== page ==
by Miranda Shanklin3 out of 5
It has been many lifetimes since the cycle began.
The cycle that still haunts Annisa Lawson.
A spell cast in desperation to help, which only caused heartache.
Now, Annisa has found her way out of the varying repeats of her past; only to bring more danger to herself, and those around her. Now she must learn to survive with the help of her friends: Chase, Penelope, and Landon have all gone through each life cycle with Annisa. Sometimes helping, sometimes hindering. Now that Annisa has broken the cycle of their collective punishment, she finds that she needs her friends more than ever to keep their enemies, known, and unknown, at bay. As the group of friends learn of their souls' journeys through their many life cycles, they must also learn to control the magick they have discovered within themselves and each other, in order to defeat the most feared assassin in their world.
Annisa is living a perfect life, as head cheerleader, and the captain of the football team as her boyfriend. But something seems to be missing. Something that becomes apparent when Chase and his sister move in next door; something that will change everything she thought she knew about herself.
I bought the book as part of the Author Promo Co-op's May read (so let's pretend it's still May - shush).
It follows the story of Annisa as she meets Chase and Penelope for the first time, but immediately feels a connection with them - that she could confide anything in Penelope; and that Chase inspires a level of love and desire that she never felt with her boyfriend, Landon.
As it gets closer to her 16th birthday, her parents finally reveal why she feels so different - she is a witch.
I really like Shanklin's take on witches, that there are a finite number of them, and their souls are continuously reborn. The magic that their parents teach them; and the spells that our four main characters experiment with all feel like they come from a solid background.
I think it's an interesting concept about finding ones' soulmate again, everytime you're reborn. I think the parents have a very hard line to walk - they know their kids are meant to be together, and have had a serious relationship in every reincarnation. They know they'll want to be close, but they still have to maintain some boundaries.
And the not-so-good?
The main problem I had with the story was the sameyness of it all. Everyone was totally ok with everything. Annisa wasn't bothered that her parents had lied to her all her life. Landon didn't care too much that his long-term girlfriend dumped him for the new guy. Chase was perfectly content to go along with everything Annisa said (even when he was angry at her, it was a very quiet "let's discuss this like adults and come to a mutually beneficial conclusion" sort of anger). Their parental people were all supportive, understanding and agreeable (even the parents that had been seduced by dark magic).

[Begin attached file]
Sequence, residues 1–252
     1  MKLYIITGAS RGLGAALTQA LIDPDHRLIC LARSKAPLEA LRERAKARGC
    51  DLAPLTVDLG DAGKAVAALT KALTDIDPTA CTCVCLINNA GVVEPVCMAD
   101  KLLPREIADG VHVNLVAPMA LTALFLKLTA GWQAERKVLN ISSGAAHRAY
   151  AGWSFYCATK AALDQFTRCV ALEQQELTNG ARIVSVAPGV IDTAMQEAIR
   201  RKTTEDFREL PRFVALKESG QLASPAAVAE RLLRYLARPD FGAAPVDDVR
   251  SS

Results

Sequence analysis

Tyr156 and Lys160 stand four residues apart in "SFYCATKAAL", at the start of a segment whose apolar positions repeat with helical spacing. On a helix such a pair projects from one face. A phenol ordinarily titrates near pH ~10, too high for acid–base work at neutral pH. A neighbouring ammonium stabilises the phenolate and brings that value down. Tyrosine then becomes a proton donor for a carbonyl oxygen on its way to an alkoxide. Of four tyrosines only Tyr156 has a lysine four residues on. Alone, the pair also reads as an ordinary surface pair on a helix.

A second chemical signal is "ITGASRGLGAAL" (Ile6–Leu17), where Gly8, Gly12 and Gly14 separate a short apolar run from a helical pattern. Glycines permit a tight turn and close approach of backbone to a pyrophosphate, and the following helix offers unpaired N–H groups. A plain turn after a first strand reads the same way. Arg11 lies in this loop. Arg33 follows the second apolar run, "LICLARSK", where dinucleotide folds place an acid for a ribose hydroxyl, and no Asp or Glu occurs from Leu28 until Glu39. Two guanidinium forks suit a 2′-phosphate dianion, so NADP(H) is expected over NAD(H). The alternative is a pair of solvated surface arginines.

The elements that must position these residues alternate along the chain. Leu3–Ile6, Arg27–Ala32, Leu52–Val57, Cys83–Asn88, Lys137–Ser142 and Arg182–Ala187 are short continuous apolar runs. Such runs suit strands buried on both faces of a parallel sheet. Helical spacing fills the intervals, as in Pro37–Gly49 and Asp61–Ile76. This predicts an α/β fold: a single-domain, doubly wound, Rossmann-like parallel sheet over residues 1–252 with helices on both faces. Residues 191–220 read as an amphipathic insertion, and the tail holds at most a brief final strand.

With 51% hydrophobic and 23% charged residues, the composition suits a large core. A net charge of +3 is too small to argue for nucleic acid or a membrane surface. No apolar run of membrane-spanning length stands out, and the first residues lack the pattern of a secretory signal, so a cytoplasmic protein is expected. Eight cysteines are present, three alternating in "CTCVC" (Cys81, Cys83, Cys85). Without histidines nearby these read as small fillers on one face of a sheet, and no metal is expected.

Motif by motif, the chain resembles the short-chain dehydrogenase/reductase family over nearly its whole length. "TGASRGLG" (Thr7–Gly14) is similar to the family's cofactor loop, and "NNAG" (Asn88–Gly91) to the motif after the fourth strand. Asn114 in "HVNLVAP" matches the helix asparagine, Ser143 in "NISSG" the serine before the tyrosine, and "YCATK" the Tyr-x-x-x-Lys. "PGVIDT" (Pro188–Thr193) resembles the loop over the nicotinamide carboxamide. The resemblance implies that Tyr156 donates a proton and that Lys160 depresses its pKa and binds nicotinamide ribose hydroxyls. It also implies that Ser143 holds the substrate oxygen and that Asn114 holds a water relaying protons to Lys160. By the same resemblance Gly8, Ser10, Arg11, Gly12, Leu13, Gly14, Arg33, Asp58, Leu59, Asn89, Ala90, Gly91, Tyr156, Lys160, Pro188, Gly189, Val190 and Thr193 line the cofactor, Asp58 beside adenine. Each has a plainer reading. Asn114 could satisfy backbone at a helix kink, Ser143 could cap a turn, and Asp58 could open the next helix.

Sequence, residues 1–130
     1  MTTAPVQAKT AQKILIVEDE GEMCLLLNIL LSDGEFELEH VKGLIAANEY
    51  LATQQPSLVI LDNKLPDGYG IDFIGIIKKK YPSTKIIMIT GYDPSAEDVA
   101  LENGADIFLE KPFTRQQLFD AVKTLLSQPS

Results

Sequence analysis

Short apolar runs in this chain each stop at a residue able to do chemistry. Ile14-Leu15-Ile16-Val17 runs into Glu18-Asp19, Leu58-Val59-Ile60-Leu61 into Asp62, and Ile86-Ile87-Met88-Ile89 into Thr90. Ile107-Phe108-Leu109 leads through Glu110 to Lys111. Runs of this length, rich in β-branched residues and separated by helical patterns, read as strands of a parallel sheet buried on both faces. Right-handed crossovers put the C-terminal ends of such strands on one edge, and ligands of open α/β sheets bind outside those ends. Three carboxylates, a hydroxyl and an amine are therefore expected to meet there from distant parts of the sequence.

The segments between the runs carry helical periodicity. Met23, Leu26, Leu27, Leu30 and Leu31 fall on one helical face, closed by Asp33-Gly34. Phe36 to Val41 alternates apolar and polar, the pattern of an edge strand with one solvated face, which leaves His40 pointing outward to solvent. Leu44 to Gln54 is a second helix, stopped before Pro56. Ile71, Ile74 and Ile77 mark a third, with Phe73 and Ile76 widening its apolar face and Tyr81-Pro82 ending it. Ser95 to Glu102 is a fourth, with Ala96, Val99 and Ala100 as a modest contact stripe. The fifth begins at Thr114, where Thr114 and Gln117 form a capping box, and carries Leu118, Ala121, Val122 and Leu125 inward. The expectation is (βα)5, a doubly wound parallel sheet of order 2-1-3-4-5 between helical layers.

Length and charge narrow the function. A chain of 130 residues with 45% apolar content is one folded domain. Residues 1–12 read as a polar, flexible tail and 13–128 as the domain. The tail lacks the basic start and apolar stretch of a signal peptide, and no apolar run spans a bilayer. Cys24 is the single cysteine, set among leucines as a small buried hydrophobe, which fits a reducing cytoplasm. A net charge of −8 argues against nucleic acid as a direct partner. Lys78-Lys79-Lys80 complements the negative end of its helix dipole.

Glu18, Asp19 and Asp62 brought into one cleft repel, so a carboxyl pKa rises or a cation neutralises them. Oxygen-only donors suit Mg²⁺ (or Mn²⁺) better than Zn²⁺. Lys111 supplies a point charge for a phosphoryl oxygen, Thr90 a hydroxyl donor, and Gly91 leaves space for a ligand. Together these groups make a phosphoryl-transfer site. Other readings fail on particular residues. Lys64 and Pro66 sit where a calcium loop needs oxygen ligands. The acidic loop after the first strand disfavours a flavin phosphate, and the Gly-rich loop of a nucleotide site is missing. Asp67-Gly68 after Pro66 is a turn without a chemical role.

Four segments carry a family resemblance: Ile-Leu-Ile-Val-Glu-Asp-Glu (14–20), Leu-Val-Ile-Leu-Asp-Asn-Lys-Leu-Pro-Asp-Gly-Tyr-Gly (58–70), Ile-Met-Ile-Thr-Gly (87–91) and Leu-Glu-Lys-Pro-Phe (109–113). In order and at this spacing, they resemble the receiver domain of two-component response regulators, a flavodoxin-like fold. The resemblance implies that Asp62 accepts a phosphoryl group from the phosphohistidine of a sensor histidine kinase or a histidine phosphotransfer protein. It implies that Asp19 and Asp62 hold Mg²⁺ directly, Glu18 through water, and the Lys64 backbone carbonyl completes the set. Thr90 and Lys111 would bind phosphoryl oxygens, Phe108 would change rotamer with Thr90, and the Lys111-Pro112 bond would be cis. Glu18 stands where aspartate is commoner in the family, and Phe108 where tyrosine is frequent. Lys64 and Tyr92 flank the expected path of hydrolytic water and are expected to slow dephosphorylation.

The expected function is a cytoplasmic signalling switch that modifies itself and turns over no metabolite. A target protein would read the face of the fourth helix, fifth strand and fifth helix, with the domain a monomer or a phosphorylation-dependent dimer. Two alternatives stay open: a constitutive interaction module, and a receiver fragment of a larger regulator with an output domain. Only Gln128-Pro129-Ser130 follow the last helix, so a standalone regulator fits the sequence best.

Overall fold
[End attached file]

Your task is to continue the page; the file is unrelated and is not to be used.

And Penelope? Warning: mild spoilers: I come to her last, because I really liked her and I struggled over one key fact. Penelope and Landon are soulmates. The curse has been placed on the foursome because Annisa chose Landon instead of Chase in one lifetime. Now they have had several lifetimes where Annisa has made the same mistake, and it is only in this most recent cycle that she has broken the curse and fallen for the right guy. So where does that leave Penelope? She gets to keep her memories and her pain? She knows that she has had many lifetimes of being rejected by her soulmate as he vies for her best friend's attention? I'm just surprised, and hurt on her behalf that she's so placid about it all.
There's a lot of mutually beneficial discussions and planning that goes on, which I found a little repetitive as the book went on. There were quite a few instances of Annisa thinking something in detail; then repeating it in dialogue to discuss with friends/parents in equal detail. I felt like I was always being told twice about everything, rather than Shanklin trusting the strength of her characters' dialogue to get the message across.
Finally, just one small thing. For most of the book, it felt like a YA read, being based on teenagers, and the writing having the air of safety and support. I was shocked when it suddenly jumped into full on smex! It was like watching Sabrina the Teenage Witch and accidentally switching over to 50 Shades!
Now, I have no problems with steamy sex scenes, but it just felt so against the whole vibe of the book. I was expecting a bit of kissing and cuddling and fade to black. Soul Journey just felt confused as to who it was aimed at.
Overall, I think it's a series with a lot of potential, I really like the background of it all. I just think the execution lost a little of its direction.